Parties Engage in Dueling Stunts on Health Care

Posted November 3, 2009 at 4:08pm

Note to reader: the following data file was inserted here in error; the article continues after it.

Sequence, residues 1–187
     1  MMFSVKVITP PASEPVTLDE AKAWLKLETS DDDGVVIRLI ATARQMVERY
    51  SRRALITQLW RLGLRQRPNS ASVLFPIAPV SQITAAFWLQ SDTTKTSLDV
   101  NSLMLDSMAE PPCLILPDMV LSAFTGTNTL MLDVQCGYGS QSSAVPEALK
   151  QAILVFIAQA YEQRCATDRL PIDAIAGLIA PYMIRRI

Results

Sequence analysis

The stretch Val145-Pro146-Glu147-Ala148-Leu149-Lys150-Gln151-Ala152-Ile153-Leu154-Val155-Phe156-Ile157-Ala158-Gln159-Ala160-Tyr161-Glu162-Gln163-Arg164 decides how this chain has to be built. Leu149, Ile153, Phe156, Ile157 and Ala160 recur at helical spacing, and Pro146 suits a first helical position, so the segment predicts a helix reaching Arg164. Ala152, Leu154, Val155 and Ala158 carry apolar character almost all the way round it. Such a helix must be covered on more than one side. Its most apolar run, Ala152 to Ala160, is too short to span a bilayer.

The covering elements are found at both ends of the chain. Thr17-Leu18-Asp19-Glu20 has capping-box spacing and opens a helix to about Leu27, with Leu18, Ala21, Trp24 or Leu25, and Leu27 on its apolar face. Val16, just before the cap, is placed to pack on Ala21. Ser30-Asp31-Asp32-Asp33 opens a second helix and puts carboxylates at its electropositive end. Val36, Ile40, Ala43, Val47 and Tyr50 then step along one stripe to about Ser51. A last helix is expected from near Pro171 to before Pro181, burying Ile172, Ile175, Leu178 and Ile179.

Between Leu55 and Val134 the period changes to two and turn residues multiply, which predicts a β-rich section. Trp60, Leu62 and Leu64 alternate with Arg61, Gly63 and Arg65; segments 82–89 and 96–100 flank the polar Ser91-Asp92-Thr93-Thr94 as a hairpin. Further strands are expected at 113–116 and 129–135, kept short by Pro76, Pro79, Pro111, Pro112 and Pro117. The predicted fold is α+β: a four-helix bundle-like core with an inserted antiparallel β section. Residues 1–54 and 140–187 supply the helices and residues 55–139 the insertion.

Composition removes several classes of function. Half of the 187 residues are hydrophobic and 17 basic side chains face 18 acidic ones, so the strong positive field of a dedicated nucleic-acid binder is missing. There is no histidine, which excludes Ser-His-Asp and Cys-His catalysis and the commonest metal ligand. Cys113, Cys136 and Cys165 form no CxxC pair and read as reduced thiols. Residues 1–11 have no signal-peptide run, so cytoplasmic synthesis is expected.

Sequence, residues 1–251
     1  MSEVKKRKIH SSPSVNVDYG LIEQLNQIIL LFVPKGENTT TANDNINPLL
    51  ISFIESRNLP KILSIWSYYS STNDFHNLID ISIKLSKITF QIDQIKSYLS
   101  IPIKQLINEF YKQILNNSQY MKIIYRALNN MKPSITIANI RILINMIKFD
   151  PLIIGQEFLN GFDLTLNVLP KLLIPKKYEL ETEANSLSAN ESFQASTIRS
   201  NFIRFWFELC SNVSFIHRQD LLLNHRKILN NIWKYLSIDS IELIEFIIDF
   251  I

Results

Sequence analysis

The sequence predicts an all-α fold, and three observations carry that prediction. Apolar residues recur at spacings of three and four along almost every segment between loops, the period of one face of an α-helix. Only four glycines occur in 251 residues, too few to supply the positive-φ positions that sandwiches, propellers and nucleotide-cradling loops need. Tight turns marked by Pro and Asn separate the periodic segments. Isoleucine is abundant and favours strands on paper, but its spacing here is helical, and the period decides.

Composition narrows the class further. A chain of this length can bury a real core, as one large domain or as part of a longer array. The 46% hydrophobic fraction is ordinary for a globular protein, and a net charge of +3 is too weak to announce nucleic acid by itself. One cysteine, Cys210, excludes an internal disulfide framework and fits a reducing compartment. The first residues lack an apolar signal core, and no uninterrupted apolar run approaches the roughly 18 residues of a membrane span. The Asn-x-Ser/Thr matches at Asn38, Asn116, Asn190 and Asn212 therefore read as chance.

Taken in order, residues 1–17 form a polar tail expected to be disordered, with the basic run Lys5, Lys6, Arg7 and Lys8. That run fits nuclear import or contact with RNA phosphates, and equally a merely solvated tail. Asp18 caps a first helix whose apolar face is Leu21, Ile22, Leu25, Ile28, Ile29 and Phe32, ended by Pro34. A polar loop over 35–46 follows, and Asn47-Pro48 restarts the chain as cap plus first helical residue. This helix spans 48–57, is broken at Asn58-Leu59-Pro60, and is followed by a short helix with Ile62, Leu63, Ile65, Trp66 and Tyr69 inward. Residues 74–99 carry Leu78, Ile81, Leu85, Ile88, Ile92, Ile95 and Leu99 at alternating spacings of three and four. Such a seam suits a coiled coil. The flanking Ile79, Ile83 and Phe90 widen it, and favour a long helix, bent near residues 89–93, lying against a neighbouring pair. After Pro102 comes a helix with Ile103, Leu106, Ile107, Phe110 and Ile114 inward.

House Republicans hoping to garner media attention Tuesday with a reading of the 1,990-page House Democratic health care bill had to compete for the spotlight with Democrats staging a stunt of their own designed to show the lack of ideas brought forward by Republicans.With cameras rolling, nearly a dozen Republicans crammed into a conference room in the Longworth House Office Building to launch a “reading room— for Members to plow through and discuss the Democratic bill with the help of GOP policy staff.House Republican Conference Chairman Mike Pence (Ind.), sitting at the head of a conference table piled with copies of the Democratic bill, told reporters he hoped the quiet environment would help GOP Members read as much of the bill as possible before it comes to the floor, possibly later this week.“We think facts are our friends and we think once the American people see the facts in the … health care bill, they’ll understand this is a government takeover,— Pence said.Meanwhile, House Democrats held a simultaneous press event to read the entirety of what they argued was a nonexistent GOP proposal. The event featured Reps. Debbie Wasserman Schultz (D-Fla.), Christopher Murphy (D-Conn.) and Bruce Braley (D-Iowa), all of whom were seated at a conference table pretending to read from a “Republican Health Care Bill— binder with blank pages.“It wasn’t a joke. This is their bill. It’s right here,— Wasserman Schultz said afterwards, waving the empty binder.Republicans ultimately released a draft of their proposal later Tuesday afternoon, but Democrats were just as critical of their ideas. Wasserman Schultz, who is also vice chairwoman of the Democratic Congressional Campaign Committee, said the GOP bill should be named the “Health Insurance Company Protection Act— since it would allow insurers to deny coverage based on pre-existing conditions and drop coverage for people who get sick.“We have said for some time that Republicans are more interested in protecting the health insurance industry than in helping consumers. And the plan Republicans are putting forward is all the proof anyone would need to know we’ve been telling the truth,— Wasserman Schultz said.